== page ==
Lifetime probation involves intensive treatment and surveillance, and routine polygraph testing. As a sex offender complies with requirements and makes progress, restrictions are lessened and probation officers check on the offender less frequently.

"That should be the reward, decreasing the controls but not severing the relationship," Casa's Orr said. "It keeps the person in the system and it keeps a level of monitoring. It may be drastically reduced but at least it's some level of monitoring."

For a long time, Dr. Tom Selby, who treats Valley sex offenders, would have agreed. But Selby said there is "an incredible range" of sex offenders, and not all of them pose a lifelong danger to the public. At one end of the spectrum are pedophiles, hard-core exhibitionists and who will never get off probation no matter how well they do. At the other end are sex offenders convicted of statutory after consensual sex with a girlfriend just a couple years younger and men who were involved in incestuous relationships where "beyond that there was little or no other acting out," Selby said.

These sex offenders tend to mature with years of therapy and take responsibility for their actions. Some marry and have children. And Selby said he eventually has to ask himself: Are we damaging their families? Are we setting them up for failure by keeping them under strict sex-offender restrictions?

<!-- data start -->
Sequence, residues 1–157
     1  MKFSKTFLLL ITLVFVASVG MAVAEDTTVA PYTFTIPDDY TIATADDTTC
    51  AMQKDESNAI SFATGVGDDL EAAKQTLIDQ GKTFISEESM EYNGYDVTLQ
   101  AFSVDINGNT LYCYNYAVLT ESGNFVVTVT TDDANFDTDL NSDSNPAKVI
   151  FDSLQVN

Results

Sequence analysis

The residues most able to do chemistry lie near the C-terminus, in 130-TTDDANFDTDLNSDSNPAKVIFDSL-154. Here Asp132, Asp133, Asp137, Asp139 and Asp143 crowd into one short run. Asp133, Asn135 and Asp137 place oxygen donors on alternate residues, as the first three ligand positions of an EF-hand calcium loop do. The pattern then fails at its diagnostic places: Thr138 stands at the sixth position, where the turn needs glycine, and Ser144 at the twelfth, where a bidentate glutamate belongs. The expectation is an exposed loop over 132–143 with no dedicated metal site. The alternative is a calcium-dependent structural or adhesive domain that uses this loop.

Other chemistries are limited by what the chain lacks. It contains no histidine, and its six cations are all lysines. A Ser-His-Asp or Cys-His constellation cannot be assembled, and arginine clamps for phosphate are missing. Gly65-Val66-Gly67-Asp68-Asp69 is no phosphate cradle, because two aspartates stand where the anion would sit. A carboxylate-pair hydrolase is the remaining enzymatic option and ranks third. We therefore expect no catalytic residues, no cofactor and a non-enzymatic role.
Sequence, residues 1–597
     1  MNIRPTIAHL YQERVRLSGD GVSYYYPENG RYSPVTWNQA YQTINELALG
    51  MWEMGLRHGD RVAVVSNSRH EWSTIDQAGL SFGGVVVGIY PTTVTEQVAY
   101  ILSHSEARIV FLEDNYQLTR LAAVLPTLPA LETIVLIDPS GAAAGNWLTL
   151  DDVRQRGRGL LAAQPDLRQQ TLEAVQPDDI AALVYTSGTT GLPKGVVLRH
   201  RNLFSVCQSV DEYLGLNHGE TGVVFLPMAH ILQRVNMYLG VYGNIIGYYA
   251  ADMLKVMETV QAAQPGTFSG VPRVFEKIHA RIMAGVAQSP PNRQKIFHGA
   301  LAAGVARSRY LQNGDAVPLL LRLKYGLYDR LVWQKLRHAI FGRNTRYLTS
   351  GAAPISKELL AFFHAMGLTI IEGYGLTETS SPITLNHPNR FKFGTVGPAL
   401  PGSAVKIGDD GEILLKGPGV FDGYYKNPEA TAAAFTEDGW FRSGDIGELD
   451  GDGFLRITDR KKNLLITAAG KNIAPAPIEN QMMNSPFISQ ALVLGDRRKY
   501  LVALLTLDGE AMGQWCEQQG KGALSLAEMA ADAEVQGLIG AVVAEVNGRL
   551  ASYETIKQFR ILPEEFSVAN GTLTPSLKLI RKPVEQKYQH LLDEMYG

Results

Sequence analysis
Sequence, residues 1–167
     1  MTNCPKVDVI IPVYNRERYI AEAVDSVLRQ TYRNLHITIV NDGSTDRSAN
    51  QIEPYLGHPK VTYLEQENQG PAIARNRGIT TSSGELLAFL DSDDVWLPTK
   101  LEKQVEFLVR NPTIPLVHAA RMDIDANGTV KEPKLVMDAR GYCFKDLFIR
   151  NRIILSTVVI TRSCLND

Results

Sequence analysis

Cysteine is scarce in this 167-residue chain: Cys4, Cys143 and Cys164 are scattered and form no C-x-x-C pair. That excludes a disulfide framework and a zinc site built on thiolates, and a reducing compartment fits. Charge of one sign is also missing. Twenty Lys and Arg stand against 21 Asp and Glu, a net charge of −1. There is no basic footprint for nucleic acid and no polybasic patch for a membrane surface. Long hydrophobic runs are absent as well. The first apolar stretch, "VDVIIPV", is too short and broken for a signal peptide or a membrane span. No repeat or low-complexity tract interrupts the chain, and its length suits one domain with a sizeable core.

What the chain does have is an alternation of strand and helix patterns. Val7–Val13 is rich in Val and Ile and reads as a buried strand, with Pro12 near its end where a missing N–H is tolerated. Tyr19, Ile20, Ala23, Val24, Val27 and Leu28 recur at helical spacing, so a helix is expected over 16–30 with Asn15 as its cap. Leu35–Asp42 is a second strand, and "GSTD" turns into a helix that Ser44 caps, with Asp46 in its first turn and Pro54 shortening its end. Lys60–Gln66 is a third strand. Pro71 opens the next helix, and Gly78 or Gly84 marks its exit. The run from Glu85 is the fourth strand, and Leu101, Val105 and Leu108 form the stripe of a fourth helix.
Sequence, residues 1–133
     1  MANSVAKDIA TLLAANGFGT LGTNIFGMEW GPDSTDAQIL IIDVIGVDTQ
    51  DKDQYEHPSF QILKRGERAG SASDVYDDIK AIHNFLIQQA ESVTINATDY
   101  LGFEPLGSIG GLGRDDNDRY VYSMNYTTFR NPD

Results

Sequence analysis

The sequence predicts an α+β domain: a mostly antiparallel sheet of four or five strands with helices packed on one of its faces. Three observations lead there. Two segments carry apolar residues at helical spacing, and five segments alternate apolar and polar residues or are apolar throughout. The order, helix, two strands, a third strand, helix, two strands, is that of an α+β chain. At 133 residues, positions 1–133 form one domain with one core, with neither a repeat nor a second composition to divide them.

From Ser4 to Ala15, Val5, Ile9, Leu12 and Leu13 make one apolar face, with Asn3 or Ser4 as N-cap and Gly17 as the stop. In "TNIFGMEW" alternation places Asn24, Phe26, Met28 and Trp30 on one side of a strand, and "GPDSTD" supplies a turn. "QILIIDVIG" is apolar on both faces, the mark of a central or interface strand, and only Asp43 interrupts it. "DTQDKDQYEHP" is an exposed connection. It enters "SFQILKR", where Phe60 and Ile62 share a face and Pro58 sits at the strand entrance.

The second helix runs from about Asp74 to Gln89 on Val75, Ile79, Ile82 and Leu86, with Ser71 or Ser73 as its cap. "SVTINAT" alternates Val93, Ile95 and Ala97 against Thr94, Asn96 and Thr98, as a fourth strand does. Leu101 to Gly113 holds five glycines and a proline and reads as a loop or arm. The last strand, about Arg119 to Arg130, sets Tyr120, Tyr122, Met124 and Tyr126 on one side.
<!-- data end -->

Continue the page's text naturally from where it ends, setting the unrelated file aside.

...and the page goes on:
"For years I've preached life is life," Selby said, "but there is a small percentage that it probably is appropriate to get off."

"They won't be getting off probation unless at that point they were deemed to be not a threat."

Onley of the Center for Sex Offender Management said the possibility of someday getting off lifetime probation could be an incentive for sex offenders to do well during treatment.

"Not having an expectation of an out becomes self-defeating later on," Onley said. "There's two doors here. I do one thing and I can go back to prison. I do another thing and I can get off this supervision. . . . Having the possibility of an out may be a motivator."

Mitchell sees it differently: The prison term hanging over a sex offender's head can be a huge incentive to attend therapy and abide by all the behavior restrictions. It also can ensure that if an offender's situation changes, he can be forced back into treatment.

"We want to keep these people monitored for as long as possible," Mitchell said.

"The bottom line is it makes society a lot safer."



I will admit that maybe in a rare case that a probationer depending on his behavior over time and probation record and all the test, that yes he should get some type of less supervision, but I do agree that a sex offender should be off lifetime probation period, most all know what is right and what is wrong, you do the crime you do the time.

Kayle